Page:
It may come as a surprise that not all summonses the IRS issues result in notice to the taxpayer. Section 7609(c)(2) excludes five categories of summonses. I discuss this extensively in Chapter 13 of Saltzman and Book IRS Practice and Procedure. Gaetano v US, a recent Sixth Circuit case, discusses the nature of the exclusion and its relationship to subject matter jurisdiction, standing and sovereign immunity. It also highlights inconsistent approaches that courts have taken to characterizing the exceptions, and concludes that the 7609(c)(2) notice exceptions relate to the court’s underlying jurisdiction to hear challenges to the summons.

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Gaetano involves an IRS criminal tax investigation into the taxpayers’ Michigan-based cannabis dispensary business. IRS sought the records pertaining to the Gaetanos from Portal 42, a software company that provides the cannabis industry with point-of-sale systems. Those systems allow businesses to track customer sales data or delete the data remotely with a “kill switch.”

The opinion discusses how an IRS CID agent interviewed the owners of Portal 42 and then served a summons ordering that the owners “give testimony and produce various records “and other data relating to the tax liability or the collection of the tax liability or for the purpose of inquiring into any offense connected with the administration or enforcement of the internal revenue laws concerning [the Gaetanos] for the periods shown.”

The IRS did not notify the Gaetanos, but within two weeks of the service of the summons on Portal 42, the taxpayers filed a petition to quash, alleging that IRS should have given them notice and alleging that the summons was issued in bad faith.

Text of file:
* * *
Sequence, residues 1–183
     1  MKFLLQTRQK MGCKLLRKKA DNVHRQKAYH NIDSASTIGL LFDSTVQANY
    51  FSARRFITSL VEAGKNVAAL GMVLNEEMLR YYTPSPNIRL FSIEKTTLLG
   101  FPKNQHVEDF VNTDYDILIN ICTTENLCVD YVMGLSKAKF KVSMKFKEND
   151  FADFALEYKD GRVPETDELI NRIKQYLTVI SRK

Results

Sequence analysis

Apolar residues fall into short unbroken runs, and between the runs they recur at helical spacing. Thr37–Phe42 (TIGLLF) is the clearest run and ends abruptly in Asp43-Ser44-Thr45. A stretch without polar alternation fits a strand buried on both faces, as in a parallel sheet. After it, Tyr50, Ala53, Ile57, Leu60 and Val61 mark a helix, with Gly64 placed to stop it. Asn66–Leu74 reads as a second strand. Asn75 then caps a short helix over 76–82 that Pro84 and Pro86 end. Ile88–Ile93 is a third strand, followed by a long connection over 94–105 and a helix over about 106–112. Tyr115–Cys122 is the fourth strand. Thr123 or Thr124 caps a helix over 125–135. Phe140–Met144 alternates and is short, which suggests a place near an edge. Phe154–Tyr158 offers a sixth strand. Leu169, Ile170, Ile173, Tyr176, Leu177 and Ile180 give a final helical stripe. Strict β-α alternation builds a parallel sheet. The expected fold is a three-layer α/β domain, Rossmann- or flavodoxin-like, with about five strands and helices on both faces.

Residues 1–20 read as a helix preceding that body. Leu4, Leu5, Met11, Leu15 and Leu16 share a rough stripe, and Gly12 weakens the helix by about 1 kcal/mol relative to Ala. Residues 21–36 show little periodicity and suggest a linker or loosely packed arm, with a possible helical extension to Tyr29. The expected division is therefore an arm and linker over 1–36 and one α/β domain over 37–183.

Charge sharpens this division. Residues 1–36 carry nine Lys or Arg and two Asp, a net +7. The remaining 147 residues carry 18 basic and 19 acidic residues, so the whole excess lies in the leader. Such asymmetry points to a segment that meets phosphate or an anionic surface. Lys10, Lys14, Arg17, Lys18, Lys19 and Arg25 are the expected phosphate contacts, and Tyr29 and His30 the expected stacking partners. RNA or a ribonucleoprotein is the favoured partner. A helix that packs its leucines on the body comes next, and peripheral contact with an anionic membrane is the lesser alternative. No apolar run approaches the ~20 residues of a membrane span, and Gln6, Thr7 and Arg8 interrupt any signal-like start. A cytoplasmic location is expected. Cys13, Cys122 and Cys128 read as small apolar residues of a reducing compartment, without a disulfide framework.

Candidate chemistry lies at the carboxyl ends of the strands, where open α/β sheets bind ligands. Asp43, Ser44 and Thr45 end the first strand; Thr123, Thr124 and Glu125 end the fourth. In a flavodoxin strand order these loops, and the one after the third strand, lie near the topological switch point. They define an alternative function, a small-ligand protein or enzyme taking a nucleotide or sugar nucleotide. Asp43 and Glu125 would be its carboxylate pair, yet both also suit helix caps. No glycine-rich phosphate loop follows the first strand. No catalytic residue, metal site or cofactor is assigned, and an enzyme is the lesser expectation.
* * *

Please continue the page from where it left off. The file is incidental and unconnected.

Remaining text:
The district court, adopting the magistrate judge’s key holding, dismissed the Gaetanos’ petition to quash, and concluded that they did not have standing under 7609(c)(2)(E).

The (E) exception to notice applies when the summons issued by an IRS criminal investigator in connection with an IRS criminal investigation and the summoned party is not a third-party recordkeeper. Portal 42 was not a third-party recordkeeper (that is statutorily defined in 7603(b)(2)).

There was a dispute about whether the summons was issued in connection a criminal investigation. The Gaetanos’ main argument was that the summons was deficient because it failed to specify the tax periods that the IRS was criminally investigating, but the opinion held that the statute only required that the summons identify the tax periods which IRS sought information.

The Sixth Circuit opinion affirms the district court but in so doing explores and clarifies the import of the five exceptions to notice in Section 7609(c)(2).  As the opinion notes, courts have viewed the exceptions as either “limitations on statutory standing or (as the Government argues) exceptions to [Section 7609’s] sovereign immunity waiver.”

The opinion nicely collects cases that have viewed the exceptions to notice as triggering standing limits or sovereign immunity waivers.

The lower court opinion, in dismissing the challenge for lack of subject matter jurisdiction, was not clear if the dismissal relied exclusively on standing or was also based on the sovereign immunity waiver. The Sixth Circuit viewed this issue as a matter of first impression, and while the result in this case did not hinge on the difference, the opinion discusses why the difference matters, including most importantly that 1) the government cannot waive sovereign immunity and 2) a court can bring that jurisdictional issue up at any stage of litigation.

As we have discussed numerous times, the Supreme Court’s case law on whether a statute confers jurisdictional status has evolved over time. As the opinion notes, the “Supreme Court, however, has cautioned that a statutory condition — even one attached to a waiver of the United States’ sovereign immunity — is not accorded jurisdictional status unless “Congress has ‘clearly state[d]’ as much.” United States v. Kwai Fun Wong, 575 U.S. 402, 409, 418-20 (2015) (citation omitted).